Industry Trend Analysis - Kenya, Uganda Set For Major Production Growth - JAN 2018
BMI View: We are positive on future oil production in East Africa and expect output from both Uganda and Kenya to ramp up into the mid 2020s. The necessary construction of several export pipelines will raise the risk of delays to first oil currently expected from 2021.
We are positive on the prospects for oil production from both Uganda and Kenya from the early 2020s, ramping up towards the end of our forecast period in 2025 and 2026, as both the size and the low-cost nature of the resource favours development in these markets. Both Uganda and Kenya have made solid progress in exploratory activities in their respective upstream sectors over recent years, with both the South Lokichar Basin and the Albertine Rift Basin emerging as key major resource bases in the East African onshore. At present, both the Ugandan and Kenyan projects are thought to have competitive break even costs, around USD25/bbl. The eventual break even cost is likely to be slightly higher due to associated costs with pipeline construction; however, costs will continue to be highly competitive in a global context.
However, we note that the successful development of oil resources within the region remains reliant on the construction and operation of several export pipelines to the coast.
If developed fully, the combined oil production from Uganda and Kenya could reach up to 300,000b/d by the mid-2020s (BMI base case scenario, although there is potential for further production upside). Crude oil flowing to the East African coast will be geographically well positioned to target demand centres in South East Asia, where we remain positive on oil consumption growth over the longer term (see 'Cementing Position As a Global Growth Engine ' , August 8 2016).
|Output Proliferating From Early 2020s|
|Uganda and Kenya Long Term Oil Production, 000b/d|
|Note: Upside Scenario Based On Upper Estimations Of Planned Production. f = BMI forecast. Source: Company Announcements, BMI.|
World Class Resource Base Emerging
At present, the cumulative discovered resource base in both Uganda and Kenya totals around 2.5bn barrels of oil (approximately 1.7bn bbl in Uganda and 750mn bbl in Kenya) and reserves in both countries are thought to have significantly higher upside potential. Ongoing exploration efforts, spearheaded by Tullow Oil alongside Africa Oil Corporation in Kenya and Total and CNC in Uganda, will continue to de-risk and expand the resource base within Lokichar and Lake Albert basins. Tullow in particular has made encouraging progress exploring and appraising the South Lokichar basin. The company is currently drilling a four well programme in the basin, the first of which -the Erut-1- has confirmed oil migration to the northern section of the play.
Importantly, ongoing exploration in the East Africa region will help materially de-risk the prospective resource bases, providing greater commercial credibility with which companies can work to secure capital requirements for the pipeline projects, including tariffs and lending bases (see ' Exploration Looking To Support Pipeline Development ' , January 12).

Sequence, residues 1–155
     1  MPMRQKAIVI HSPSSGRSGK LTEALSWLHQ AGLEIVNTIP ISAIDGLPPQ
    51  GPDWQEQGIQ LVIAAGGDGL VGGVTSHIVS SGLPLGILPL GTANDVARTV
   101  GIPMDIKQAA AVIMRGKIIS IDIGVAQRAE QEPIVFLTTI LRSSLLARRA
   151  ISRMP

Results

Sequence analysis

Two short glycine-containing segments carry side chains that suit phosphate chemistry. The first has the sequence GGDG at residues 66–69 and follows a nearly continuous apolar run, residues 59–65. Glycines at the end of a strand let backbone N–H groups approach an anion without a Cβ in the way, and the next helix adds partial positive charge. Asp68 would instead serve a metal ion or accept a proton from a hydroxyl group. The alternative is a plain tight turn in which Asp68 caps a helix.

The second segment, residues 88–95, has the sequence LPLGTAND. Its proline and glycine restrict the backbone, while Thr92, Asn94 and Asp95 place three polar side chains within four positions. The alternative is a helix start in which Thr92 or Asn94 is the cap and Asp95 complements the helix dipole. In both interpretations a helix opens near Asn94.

Pipeline Links Hold Key To Growth Ambitions
We caution that the long-term viability of oil development within East Africa will be limited by the capital requirement, operational risk and construction challenges associated with two large pipeline projects. Separate pipelines, from Hoima-Tanga and Lokichar-Lamu, will raise overall project costs and will demand a higher discovered resource base to be viable economically (see ' Upstream Momentum Despite Headwinds Over Ground ' , July 28 2016). We would note that the recent farm in of Total and CNC to Tullow's Lake Albert development in Uganda partially offsets inherent project financing risks, with the additional financial clout of the French major, and the associated operational expertise, providing impetus to an early production system final investment decision by the end of 2017 (see ' Project Momentum Building, Risk To Pipeline Remain ' , January 16).
|Pipeline Projects Increase Risks To Timely Oil Development|
|Planned East Africa Crude Export Pipelines|
|Source: Bloomberg, BMI|
Aside from the financing risks, both the Hoima-Tanga and Lokichar-Lamu pipelines face a range of operational risks, including the regional security environment, the low level of existing oil export infrastructure at destination-ports and the technical complexity required (both pipelines are required to be heated in order to prevent the waxy East African crude from congealing and preventing flow). Added to this, the region is limited by inefficient bureaucracies, both of which may drag on project timelines, particularly as the long, transnational routes are likely to raise a number of environmental and inter-communal land disputes.
|Above-Ground Headwinds Add Risk To Project Timelines|
|Uganda, Kenya & SSA Selected Risk Index Components|
|Scores out of 100, higher score = more attractive market. Source: BMI Risk/ Reward Index .|